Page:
When I first noticed these weird flowers in Sunnyhurst Wood, I couldn’t fathom what kind of plant I was seeing. In places, they grew among leaves, but these were leaves of other plants. Where they were alone, it was clear that the flowers were leafless.
Had wisteria somehow been buried alive with only the flowers making their way to the surface? I briefly considered the possibility with the wildness that comes from knowing something cannot be true, but not being able to think of a better alternative.
The plant was a little creepy – certainly nothing I’d seen before. I made a note of the spot so I could check up on its progress during the year, assuming leaves would follow, but nothing happened, so far as I could see. As the season progressed, other plants sprang up until I could no longer find the place.
I was eager to find out if they would reappear. By April, these strange little flowers were in full swing again. They had no stalks. Small purple spheres topped with pale crosses peeped out from the earth. The crosses gradually parted to allow purple flowers out.
It took me some time to find out what kind of plant this is. In the end someone saw me gazing at the stalkless purple flowers on the ground in wonderment. He did not know their name, but explained that the plant grew on the roots of trees. He had noticed a similar one with a yellowish flower in another part of the wood a few years ago.
Given that clue, my sweetheart put a name to it. Lathraea clandestina is parasitic – the plant version of a vampire, to quote the RHS. Having no green parts, which means no chlorophyll, it can’t make its own food from sunlight. Instead its suckers latch onto the roots of another plant (ideally a poplar, hazel, willow or alder) to extract the energy and water it needs to survive.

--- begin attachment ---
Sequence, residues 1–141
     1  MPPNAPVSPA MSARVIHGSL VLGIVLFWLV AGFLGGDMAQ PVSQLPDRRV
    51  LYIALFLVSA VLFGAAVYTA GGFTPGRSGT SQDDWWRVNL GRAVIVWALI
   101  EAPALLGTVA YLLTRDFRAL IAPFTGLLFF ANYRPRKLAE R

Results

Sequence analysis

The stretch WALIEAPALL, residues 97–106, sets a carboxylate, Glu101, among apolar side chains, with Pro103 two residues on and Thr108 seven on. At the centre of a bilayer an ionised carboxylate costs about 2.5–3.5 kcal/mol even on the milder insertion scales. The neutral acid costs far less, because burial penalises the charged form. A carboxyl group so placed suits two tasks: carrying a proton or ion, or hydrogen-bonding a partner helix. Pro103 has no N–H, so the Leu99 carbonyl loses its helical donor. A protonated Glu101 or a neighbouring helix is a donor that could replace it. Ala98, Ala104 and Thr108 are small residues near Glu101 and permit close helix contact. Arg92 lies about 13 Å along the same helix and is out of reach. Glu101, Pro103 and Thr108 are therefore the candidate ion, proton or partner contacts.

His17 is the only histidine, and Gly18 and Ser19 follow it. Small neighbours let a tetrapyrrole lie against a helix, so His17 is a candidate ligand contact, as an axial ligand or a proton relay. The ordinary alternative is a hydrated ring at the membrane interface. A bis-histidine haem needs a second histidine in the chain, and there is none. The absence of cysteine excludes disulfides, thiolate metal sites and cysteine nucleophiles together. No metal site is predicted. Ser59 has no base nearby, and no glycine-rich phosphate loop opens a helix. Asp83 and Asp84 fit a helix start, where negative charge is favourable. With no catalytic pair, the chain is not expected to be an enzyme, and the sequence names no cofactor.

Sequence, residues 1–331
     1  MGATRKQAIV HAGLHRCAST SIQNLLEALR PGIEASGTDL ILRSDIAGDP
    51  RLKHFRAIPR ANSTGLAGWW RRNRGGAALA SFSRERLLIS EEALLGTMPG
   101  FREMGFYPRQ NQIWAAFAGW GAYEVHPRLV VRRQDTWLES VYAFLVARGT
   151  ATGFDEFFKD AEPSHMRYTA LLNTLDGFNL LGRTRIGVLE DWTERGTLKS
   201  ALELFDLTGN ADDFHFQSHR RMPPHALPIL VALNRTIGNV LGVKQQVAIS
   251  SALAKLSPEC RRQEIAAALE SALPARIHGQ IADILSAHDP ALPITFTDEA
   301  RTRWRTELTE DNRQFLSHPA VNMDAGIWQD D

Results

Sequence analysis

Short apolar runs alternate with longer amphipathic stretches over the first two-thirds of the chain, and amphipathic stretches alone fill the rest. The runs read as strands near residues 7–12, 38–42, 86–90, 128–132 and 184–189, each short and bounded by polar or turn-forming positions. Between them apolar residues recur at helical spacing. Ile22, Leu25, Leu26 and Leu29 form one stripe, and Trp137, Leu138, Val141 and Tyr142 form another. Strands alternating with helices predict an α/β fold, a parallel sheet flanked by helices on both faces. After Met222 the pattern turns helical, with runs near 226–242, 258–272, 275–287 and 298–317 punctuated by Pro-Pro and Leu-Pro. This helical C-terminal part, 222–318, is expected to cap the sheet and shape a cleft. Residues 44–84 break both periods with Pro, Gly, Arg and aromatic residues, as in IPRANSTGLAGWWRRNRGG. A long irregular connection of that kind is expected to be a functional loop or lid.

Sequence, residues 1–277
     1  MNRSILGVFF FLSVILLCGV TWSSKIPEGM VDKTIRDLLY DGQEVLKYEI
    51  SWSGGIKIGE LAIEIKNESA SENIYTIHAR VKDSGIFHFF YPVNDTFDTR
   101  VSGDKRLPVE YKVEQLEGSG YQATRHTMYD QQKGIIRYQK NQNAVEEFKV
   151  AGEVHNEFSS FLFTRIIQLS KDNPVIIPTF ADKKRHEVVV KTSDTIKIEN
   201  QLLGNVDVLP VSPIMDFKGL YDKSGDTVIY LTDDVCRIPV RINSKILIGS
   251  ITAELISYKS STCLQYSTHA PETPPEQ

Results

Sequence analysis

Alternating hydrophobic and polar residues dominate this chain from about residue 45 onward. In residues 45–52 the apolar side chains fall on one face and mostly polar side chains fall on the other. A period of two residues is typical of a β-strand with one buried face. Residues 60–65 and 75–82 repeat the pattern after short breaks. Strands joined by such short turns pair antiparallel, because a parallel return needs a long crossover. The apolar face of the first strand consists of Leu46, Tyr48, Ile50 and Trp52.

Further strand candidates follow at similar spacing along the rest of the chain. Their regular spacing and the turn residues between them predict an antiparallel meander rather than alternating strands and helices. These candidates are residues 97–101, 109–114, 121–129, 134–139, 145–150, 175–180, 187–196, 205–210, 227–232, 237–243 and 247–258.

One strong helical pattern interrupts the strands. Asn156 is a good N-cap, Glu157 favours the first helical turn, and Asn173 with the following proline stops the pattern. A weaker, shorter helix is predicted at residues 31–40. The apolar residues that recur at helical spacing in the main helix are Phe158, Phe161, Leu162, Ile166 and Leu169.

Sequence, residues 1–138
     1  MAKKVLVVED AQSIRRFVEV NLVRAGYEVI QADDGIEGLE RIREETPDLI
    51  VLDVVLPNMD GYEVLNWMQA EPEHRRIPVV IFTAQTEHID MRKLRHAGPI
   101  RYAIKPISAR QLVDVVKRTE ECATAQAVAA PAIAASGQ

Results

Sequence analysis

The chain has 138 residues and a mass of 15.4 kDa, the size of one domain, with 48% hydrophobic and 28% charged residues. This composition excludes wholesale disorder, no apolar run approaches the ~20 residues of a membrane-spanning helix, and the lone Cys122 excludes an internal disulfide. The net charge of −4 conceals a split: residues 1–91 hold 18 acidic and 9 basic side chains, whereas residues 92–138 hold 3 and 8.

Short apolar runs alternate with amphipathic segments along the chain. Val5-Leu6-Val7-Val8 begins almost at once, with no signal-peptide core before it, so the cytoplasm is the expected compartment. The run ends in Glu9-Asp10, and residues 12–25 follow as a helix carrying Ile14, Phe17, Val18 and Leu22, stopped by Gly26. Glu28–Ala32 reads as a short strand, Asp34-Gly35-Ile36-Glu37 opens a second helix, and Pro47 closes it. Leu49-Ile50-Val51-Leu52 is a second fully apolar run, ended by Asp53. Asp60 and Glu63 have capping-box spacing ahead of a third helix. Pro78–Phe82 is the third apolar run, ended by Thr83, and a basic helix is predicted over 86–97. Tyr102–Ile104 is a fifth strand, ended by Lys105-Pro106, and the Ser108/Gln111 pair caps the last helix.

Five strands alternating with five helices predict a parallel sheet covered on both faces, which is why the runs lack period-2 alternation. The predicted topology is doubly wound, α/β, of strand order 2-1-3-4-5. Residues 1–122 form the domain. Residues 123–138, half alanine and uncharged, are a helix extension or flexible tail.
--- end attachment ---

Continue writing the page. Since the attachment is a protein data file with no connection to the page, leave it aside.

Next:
For almost all year the plant lives below the soil, only emerging in spring to flower, be pollinated by early bees and set seed. The folk name is purple toothwort, though to me the flowers are more like claws.
I was surprised to find you can buy this eerie woodland plant online. The planting instructions are kinda different. You’ll need to take an axe to the base of a suitable tree and press the plants on the wound, then to be prepared for flowers to pop up a couple of years later, often some distance from where it was planted.
Shared for KindaSquare.
40 Replies to “Lathraea clandestina (Purple toothwort) For KindaSquare”
Apparently there is toothwort in the woodland at Skipton. Last year there was an organized woodland flower walk in the spring , and toothwort was one of the flowers that appear there apparently. I would love to see some.
I wonder if it is the purple kind? The native toothwort is creamy or yellowy.
Not sure. X
I love that colour – anything purple gravitates towards me 💜
I’m glad you liked it. 🙂
This is so interesting. Thank you for your diligence over the past couple of years in tracking its growth and finding name and information about it. It is spooky, other-worldish.
I was very happy to find out what it was. It was really perplexing me.
Strange – and amazing! (Unless you’re a tree!)
I can’t see the tree really liking it, although I do believe we have a lot to know about trees. Perhaps there is something reciprocal about it.
Wow! That’s a very interesting plant! Thanks for sharing it, because I’ve never seen anything like it before.
It’s lovely to be able to share.
Oh my; that is sort of creepy.
It’s certainly weird.
How very strange! 🙂 🙂
The little buds remind me of hot cross buns. About the right time of the year too!
We have this too, a most delightful and fascinating little plant.
Is yours the purple one?
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